Even more significant than the military operation to relieve the city in the east of the country — an operation spearheaded by the famed Tiger Forces of the Syrian Army, along with Hezbollah and with Russian air and naval support — has been the achievement of the estimated 7000 Syrian troops in successfully defending the city from repeated attempts by Daesh to storm it over the three years it lay under siege.
The unvarnished courage and heroism of the defenders of Deir ez-Zor is matched by the estimated 70-100,000 civilians who remained steadfast in the face of the unyielding hardship involved in spending three years living a hand to mouth existence, wherein their only source of food, medicines, and other essentials was provided by regular Syrian and Russian air drops, while coping with the fear and terror of their likely fate should Daesh succeed in overcoming the city's defenses and capturing it.
In fact such has been the heroism, fortitude, and courage of the men who defended the city against Daesh over the past three years, along with that of the troops and airmen who broke the siege, that even if only one solitary American had been involved, you can guarantee that a raft of Hollywood movies dramatizing and glorifying the event would already be in the pipeline. As it is, you will scour the Western media and struggle to find one word that even comes close to praising the defenders of the city or those who have just succeeded in rescuing them.
Though the Americans and their allies cannot claim to have played any part in defending Deir ez-Zor alongside the Syrian troops under siege there, they certainly did when it came to attacking them. A US-led airstrike on 17 September 2016, including the participation of British, Australian, and Danish war planes killed dozens of Syrian soldiers and wounded many more. The attack lasted an hour in duration and after it ended, Daesh immediately launched an offensive against those very Syrian Army positions.
Both the Russian and Syrian governments rejected the claim that the airstrike was an accident, citing the fact that the Americans failed to notify their Russian counterparts when and where the attack was going to occur, as per the protocol that had been established with regard to the deconfliction line to allow for both parties to communicate this information in order to avoid accidents occurring.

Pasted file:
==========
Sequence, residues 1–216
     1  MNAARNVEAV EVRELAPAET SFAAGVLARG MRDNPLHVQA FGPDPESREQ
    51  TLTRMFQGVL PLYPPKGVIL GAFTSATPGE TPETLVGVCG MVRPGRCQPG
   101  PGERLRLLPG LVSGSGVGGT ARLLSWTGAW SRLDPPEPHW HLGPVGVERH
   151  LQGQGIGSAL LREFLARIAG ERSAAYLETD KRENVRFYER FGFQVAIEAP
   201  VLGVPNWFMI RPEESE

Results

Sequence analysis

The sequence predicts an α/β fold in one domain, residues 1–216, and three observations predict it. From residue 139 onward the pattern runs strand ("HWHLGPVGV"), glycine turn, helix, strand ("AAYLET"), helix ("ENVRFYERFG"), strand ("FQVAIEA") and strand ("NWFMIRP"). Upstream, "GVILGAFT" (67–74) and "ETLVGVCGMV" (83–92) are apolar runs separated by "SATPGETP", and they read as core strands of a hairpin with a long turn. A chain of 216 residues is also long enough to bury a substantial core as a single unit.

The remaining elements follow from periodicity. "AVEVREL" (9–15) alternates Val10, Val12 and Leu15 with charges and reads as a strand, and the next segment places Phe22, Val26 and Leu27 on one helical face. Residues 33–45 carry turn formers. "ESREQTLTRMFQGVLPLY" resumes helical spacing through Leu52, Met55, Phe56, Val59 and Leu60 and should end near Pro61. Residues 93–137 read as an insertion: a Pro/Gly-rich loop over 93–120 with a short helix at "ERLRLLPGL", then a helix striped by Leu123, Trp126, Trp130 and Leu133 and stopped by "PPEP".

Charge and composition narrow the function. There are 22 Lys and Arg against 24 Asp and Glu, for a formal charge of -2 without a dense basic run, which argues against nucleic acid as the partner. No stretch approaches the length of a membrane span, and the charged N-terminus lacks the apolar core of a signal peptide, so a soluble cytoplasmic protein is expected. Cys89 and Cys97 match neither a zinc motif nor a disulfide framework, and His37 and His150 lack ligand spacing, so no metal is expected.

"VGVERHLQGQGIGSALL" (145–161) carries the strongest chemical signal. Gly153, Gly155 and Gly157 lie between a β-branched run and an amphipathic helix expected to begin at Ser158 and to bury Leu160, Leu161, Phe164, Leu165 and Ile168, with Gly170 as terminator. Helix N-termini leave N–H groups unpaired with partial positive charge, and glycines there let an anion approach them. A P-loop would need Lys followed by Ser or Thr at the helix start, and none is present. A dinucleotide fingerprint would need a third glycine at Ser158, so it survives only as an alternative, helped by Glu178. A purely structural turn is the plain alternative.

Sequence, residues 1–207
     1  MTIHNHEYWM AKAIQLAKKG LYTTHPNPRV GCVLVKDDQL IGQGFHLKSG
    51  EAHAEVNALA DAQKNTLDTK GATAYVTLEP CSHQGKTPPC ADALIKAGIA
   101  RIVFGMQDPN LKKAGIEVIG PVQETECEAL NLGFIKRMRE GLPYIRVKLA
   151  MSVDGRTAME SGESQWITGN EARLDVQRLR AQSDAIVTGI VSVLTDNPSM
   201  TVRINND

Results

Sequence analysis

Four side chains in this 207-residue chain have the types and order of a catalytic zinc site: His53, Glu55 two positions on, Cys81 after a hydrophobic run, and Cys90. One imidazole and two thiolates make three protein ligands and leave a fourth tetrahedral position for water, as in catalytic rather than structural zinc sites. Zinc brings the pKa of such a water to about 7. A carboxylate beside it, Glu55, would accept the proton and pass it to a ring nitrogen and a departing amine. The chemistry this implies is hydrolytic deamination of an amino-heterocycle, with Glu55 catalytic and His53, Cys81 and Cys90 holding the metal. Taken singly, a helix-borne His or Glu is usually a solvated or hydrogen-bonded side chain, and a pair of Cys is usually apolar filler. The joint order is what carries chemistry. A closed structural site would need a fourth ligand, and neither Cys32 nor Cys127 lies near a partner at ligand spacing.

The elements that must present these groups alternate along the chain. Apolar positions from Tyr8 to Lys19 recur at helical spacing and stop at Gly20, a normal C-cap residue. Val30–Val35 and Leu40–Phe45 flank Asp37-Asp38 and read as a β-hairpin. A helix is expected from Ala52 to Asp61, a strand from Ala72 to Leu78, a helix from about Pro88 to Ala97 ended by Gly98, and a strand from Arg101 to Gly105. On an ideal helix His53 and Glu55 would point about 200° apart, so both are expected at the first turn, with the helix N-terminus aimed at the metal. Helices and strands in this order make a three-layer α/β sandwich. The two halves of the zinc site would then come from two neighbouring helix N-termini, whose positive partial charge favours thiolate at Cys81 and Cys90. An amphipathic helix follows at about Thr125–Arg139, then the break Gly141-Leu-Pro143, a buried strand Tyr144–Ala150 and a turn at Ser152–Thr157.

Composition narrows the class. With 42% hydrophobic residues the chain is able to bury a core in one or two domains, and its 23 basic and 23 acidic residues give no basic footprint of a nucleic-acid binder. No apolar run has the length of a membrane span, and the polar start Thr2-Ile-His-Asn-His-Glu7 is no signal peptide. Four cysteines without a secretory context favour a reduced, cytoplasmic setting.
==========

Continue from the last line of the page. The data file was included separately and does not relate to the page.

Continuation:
Moreover, the Syrian Army positions attacked in the airstrike had been in place for months, thus providing additional grounds for skepticism when it came to the claim the US-led airstrike was an accident.
The operation to break the siege of Deir ez-Zor, which lies 140 km south east of Raqqa, began after four months of planning and preparation in the wake of the completion of the operation to liberate east Aleppo in January. This operation ended serious rebel activity in western Syria, allowing pro-government forces to turn their attention to the east across the country's desert region into Daesh heartlands.
From May to September the campaign saw pro-government forces drive east in three axes — southeast from Aleppo in the north, through central Syria via Palmyra, and in the south along the border with Iraq and Jordan. Of the three, the central axis via Palmyra heading straight for Deir ez-Zor was the main thrust, encompassing Daesh-held gas fields east of the desert city, and further east the town of Sukhna, straddling the crossroads between Raqqa to the north and Deir ez-Zor to the east.
The operation to retake Deir ez-Zor also protects the vital geographical between Iran, Syria, and Hezbollah in southern Lebanon, the key centers of resistance both to the Salafi-jihadi threat and to Washington's hegemony of the region in conjunction with its Gulf state and Israeli allies.
And speaking of Washington, as the conflict in Syria reaches its post-Daesh stage, attention will soon turn to the intentions of the US-supported SDF operation to take Raqqa, which at time of writing is on-going at unconscionable cost to civilian life. At the Aspen Security Forum in July, when asked by a reporter if US forces will remain in Syria after Daesh is defeated, US special operations commander General Raymond Thomas said, "We're a bad day away from the Russians saying, 'Why are you still in Syria?' "
With the success of the operation to break the siege of Deir ez-Zor, this "bad day" moves another step closer.
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